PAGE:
Rollin Soles.

Rollin Soles.

ROCO Winery

ROCO Winery owner Rollin Soles is a local legend who has been making wine for more than thirty years. He is the only Oregon winemaker to have produced wine ranked among the Top 100 Wines of the World by Wine Spectator an incredible 13 times, and in 2012 was named one of the top 20 most admired winemakers in the U.S. by Vineyard & Winery Management magazine. Having met him in person, we’re not surprised. His tradition of making outstanding Pinot Noir, Chardonnay, and sparkling wine continues at ROCO where his generosity with both his time and knowledge were additionally remarkable. 

Dundee Hills Oregon

The vineyards at Alexana.

Alexana Vineyards

Having been to numerous wineries around the world, nothing is more fun than discovering a real gem for the first time. Alexana Vineyards was that find for us on this trip. One of the most unique properties we’ve come across, it is home to no less than eighteen soil types divided into numerous parcels to extract the very best from each micro-region. Winemaker Bryan Weil is as passionate as he is talented and if you’re lucky enough to meet him and taste with him, you’ll be hard pressed to walk away without a wonderful memory not to mention a few bottles of great wine.

Willamette Valley Oregon

The barn that houses Big Table Farm’s winery.

Big Table Farm

One of the things we love about wine is that it brings people together; Big Table Farm has built their winery and farm on this concept. Winemaker Brian Marcy and partner Clare Carver have combined their passion for wine, food, and art into a place that is one part winery, one part working farm, and all parts impressive.

Cristom Vineyards

Another one of Oregon’s best is Cristom Vineyards. What sets Cristom apart from other wineries is the intensity of the flavours they are able to derive without the wine coming across as extracted or heavy. They manage to deliver powerful aromas and flavours without sacrificing the light silkiness on the palate that is the hallmark of great Pinot Noir.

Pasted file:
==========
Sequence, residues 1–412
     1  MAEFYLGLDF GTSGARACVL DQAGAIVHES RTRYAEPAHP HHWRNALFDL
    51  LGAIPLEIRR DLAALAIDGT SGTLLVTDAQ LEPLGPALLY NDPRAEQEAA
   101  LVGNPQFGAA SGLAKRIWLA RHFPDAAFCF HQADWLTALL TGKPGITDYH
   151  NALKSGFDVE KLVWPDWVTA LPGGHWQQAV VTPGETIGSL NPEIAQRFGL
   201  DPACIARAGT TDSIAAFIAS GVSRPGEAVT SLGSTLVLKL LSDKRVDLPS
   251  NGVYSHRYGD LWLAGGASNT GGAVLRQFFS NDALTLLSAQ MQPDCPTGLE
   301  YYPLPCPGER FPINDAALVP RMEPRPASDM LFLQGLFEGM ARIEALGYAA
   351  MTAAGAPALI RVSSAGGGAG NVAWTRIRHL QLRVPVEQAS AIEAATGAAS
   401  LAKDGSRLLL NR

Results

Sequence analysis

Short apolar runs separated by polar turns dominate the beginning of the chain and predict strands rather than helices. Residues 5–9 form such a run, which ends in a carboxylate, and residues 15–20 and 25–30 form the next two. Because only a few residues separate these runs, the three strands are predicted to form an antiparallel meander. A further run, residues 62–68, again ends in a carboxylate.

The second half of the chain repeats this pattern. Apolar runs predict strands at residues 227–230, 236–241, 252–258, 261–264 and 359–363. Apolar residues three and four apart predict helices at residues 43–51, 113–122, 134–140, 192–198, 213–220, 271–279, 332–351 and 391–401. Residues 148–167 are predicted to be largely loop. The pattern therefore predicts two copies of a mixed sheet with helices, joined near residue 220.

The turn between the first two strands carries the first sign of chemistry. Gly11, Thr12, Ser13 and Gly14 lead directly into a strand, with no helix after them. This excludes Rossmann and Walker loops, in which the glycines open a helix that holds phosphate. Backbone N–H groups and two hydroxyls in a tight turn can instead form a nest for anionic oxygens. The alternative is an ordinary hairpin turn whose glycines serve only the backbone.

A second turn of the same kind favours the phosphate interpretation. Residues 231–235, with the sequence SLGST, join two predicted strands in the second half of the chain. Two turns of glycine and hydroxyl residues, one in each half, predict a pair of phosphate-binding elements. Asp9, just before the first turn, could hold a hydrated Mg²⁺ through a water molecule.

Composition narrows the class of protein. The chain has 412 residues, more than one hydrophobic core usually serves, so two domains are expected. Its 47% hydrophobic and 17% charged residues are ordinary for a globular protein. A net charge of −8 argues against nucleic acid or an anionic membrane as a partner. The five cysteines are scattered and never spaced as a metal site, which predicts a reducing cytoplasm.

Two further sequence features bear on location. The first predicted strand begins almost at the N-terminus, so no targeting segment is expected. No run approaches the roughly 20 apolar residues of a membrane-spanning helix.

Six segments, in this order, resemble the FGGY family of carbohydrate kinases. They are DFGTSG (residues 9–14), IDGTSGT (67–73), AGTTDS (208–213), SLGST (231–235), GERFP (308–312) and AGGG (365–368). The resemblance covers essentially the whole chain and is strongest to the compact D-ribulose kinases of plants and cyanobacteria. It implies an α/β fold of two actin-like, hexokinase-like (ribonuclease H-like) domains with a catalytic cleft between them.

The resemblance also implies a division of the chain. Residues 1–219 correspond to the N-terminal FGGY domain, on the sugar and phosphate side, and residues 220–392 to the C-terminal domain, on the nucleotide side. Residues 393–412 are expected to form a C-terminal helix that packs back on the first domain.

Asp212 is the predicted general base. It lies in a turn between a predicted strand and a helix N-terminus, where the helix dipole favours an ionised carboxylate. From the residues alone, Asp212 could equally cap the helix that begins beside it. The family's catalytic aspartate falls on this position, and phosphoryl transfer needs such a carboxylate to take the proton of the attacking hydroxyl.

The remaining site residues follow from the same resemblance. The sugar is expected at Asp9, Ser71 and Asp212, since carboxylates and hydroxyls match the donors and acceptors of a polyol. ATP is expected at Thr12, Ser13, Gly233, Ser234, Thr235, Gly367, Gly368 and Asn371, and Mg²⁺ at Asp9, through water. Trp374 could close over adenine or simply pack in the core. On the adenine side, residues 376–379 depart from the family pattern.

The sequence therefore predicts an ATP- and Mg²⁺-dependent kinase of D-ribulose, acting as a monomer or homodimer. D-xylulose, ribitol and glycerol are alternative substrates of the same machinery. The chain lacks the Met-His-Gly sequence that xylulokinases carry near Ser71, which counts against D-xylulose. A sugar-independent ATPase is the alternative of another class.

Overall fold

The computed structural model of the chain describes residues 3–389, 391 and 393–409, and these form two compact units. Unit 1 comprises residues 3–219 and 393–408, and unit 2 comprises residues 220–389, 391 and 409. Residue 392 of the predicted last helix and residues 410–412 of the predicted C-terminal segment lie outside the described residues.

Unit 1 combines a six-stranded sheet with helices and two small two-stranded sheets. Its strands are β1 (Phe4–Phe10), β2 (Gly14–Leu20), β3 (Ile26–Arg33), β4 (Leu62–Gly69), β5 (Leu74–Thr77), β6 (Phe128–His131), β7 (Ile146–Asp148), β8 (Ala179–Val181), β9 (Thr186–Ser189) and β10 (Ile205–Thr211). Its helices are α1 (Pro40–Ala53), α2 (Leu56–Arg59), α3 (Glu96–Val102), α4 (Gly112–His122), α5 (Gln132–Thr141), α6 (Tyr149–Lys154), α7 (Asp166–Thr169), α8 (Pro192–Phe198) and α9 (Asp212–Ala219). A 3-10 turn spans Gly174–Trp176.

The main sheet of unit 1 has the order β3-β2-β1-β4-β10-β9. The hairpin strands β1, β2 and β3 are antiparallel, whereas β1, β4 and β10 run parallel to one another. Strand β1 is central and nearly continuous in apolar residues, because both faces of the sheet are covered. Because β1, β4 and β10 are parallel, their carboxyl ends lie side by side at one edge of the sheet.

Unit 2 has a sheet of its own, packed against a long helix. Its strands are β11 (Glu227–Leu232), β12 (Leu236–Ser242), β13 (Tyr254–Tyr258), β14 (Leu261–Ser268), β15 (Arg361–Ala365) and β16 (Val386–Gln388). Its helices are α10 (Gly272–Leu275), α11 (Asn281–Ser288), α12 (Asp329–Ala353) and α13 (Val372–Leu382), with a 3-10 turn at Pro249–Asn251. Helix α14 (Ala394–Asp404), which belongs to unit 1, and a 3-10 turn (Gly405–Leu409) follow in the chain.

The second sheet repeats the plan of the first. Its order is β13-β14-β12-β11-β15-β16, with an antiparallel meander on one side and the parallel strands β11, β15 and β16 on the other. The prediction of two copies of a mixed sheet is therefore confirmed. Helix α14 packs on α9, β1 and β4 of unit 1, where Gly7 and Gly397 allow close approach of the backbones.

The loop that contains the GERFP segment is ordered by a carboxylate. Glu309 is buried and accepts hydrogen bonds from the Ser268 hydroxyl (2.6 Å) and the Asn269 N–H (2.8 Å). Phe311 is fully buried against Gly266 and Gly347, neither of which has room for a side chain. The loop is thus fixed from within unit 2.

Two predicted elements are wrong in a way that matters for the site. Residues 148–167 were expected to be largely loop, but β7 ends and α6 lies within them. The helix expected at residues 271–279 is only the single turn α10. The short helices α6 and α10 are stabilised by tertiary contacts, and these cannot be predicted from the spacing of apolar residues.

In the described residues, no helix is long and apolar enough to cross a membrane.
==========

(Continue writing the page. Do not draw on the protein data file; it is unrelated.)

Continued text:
The Remy Wines sign and bottlesRemy Wines

Leading the charge in bringing innovative and unpredictable wines to the region is Remy Drabkin owner and winemaker at Remy Wines. Her small production winery specializes in single vineyard Barbera, Sangiovese, Dolcetto, and Lagrien. Her tasting room sits in a warehouse with a garage door serving as her front entrance, resembling more of a neighbourhood public house than a tasting room.

South Willamette Valley – Eugene

Our first time visiting the southern part of the Willamette Valley was nothing short of a revelation. We were based in Eugene, which we knew only as a “College Town” as it is home to the University of Oregon. But what we discovered was a truly underrated place to visit for even the most discerning foodie or wine lover.

Eugene, Oregon

One of the themed rooms at Inn at the 5th.

Inn at the 5th

The epitome of luxurious boutique hotel, the Inn at the 5th is a 69 room hotel that emphasizes quality and service, without pretention. Each room is beautifully appointed with stylish themes and thoughtful amenities such as custom Italian linens, spa showers and private butler’s closets ensuring complete privacy for any hotel room deliveries. As seasoned travellers it’s not easy to find a place that has that rare combination of comfort and style that has literally thought of everything so you don’t have to. Conveniently located within the 5th Street Public Market, you have access to everything you could possibly need from shopping to dining to spa treatments, and even wine tasting, within a half block radius. 

Marché & Le Bar